August 8, 2011
Waking up in a platform tent on Magnetic Island is a refreshing, invigorating experience.
We began our day on this beautiful island, off Townsville in Queensland, with a delicious, healthy breakfast, provided by the superb staff of Bungalow Bay Koala Village. Grilled fish, French toast, fresh yogurt, champagne with guava juice–shall I continue?
After our meal, we visited the animals in their homes, accompanied by Tony, a knowledgable staff member who has been with the operation since its opening.
We were lucky to see a beautiful 18-month-old koala, Lola, in a highly active state. We were also fortunate to see a mother koala with her joey, a special experience that not many witness.
Besides the koalas, we were also able to see–and touch–a number of other creatures, including a blue-tongued lizard, a, black cockatoo, a native species of snake, alligators, and crocodiles (which are distinguishable). We also caught sight of a wild koala, a tarantula (in captivity), and some stunning butterflies.
Near the end of our visit, Tony said something very insightful and important: “Save the environment, not just the animals.” This is a different philosophy than most of what we have heard about ‘save the whales’ or ‘help the koalas,’ but it is a more inclusive mindset. Saving the environment in which these incredible animals live is more sustainable for us all.
The rest of the day was ours, to explore the hiking, beaches, town, restaurants, and watch the sunset over the bay.
- koala sanctuary
Magnetic Island was named by the ever-observant Captain Cook way back in 1770, who noticed that the ship’s compass went askew when passing through the area. Today, it is a popular destination for locals of the Townsville/Cleveland Bay Area of Queensland (we’ll see if it has any resemblance to that other Cleveland). Magnetic island is a sanctuary for travelers and animals alike. The 2/3 of the island protected as a National Park is home to Australia’s largest koala colony.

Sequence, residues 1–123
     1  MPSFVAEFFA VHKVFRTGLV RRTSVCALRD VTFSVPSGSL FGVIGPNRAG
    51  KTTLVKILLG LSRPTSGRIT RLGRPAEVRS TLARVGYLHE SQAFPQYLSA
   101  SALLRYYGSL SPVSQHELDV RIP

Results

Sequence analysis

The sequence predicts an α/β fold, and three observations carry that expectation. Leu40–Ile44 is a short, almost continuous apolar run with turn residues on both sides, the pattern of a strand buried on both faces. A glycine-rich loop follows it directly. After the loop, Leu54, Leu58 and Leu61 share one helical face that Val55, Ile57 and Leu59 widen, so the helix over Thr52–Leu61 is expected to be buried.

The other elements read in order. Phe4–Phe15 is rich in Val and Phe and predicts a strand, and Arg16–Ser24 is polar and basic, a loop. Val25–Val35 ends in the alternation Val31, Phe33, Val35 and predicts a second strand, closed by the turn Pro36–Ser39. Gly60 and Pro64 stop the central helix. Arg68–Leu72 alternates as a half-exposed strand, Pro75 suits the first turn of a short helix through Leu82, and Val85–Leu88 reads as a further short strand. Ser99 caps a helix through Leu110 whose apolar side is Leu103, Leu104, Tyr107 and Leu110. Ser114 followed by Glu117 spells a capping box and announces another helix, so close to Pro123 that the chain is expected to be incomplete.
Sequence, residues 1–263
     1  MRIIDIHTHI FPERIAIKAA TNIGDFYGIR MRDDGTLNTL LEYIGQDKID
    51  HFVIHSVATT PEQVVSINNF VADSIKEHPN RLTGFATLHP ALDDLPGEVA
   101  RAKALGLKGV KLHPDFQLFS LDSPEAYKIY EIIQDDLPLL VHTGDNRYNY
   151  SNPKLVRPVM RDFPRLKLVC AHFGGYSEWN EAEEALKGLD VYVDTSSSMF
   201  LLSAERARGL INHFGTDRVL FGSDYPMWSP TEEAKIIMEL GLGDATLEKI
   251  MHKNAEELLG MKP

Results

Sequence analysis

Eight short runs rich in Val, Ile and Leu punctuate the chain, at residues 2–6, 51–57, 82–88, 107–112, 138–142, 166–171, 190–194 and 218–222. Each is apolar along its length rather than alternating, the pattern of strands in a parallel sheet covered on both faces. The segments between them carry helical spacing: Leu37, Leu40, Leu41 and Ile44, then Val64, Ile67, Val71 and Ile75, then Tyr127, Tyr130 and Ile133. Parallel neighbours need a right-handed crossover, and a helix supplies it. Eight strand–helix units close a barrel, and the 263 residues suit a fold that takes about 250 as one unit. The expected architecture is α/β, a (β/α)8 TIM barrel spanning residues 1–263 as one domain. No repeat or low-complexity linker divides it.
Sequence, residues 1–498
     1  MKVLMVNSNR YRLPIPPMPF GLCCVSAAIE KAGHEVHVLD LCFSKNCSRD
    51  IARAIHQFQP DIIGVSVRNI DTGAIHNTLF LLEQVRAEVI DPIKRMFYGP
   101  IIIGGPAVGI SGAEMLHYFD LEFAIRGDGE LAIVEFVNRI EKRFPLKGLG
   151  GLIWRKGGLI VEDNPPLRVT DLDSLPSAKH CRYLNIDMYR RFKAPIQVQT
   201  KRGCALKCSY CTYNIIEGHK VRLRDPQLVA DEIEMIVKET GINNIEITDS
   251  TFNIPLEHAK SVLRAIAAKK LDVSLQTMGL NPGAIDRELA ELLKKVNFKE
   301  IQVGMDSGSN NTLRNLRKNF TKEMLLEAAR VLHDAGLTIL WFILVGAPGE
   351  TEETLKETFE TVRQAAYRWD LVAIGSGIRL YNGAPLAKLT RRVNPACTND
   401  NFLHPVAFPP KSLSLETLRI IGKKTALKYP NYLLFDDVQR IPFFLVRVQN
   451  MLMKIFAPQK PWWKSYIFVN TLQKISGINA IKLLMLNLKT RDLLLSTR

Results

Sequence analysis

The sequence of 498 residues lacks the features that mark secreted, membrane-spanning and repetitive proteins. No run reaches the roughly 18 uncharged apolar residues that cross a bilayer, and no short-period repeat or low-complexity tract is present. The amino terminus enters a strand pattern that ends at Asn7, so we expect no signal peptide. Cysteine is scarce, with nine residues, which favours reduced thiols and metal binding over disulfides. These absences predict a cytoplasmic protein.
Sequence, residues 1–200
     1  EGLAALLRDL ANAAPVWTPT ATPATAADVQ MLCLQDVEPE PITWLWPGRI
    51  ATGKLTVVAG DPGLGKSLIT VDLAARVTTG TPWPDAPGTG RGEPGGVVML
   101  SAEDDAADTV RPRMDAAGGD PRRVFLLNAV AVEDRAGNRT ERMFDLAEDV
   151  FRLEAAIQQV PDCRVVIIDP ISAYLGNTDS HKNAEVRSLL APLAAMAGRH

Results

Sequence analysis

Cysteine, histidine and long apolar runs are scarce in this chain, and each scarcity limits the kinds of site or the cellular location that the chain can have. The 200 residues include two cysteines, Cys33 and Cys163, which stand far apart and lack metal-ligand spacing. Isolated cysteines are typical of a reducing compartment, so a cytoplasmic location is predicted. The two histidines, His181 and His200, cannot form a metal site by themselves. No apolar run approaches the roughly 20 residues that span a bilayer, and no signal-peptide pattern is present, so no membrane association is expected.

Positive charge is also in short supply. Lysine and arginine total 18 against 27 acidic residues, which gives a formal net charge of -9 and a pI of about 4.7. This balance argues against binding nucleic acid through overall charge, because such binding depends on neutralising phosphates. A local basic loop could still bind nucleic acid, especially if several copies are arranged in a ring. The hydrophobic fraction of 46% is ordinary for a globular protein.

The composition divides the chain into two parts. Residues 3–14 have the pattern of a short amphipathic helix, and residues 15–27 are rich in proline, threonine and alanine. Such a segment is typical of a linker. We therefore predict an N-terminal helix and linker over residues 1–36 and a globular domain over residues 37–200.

The structures and facilities of Bungalow Bay are more harmonious with the environment.
Reading about this portion of our trip, including our accommodations at the Bungalow Bay, Koala Village ‘YHA’ (Youth Hostel Association), this could end up being one of my favorite destinations. It’s always cool to see animals living in their home environments, living as they did before human impact.
Koala Village provides more than tours and education to visitors about this unique species; they also support ill, injured, and orphaned animals through rehabilitation efforts. Our patronage there will help to cover the wildlife care costs of protecting the koalas and other species.
With a resident population of only 2,500, this area is able to emphasize environmental responsibility (and sustainability?) It will be important to consider the impact of our visit there, making sure we respect the people and animals who call it home. And, perhaps we could be inspired. Could Mackinac Island adopt a more environmentally-conscious attitude? What about Put-in-Bay (near Sandusky, OH)? Hilton Head, SC?
Is this a model for sustainable hospitality and tourism?
The brief glimpse I have had of this island so far from the websites showed a spectacular natural setting, one that will surely inspire good times and some awesome photography. I am eager to experience it for myself, and see if I will do as the website claims: “If you come only for a day, then you will probably be planning your next holiday here.”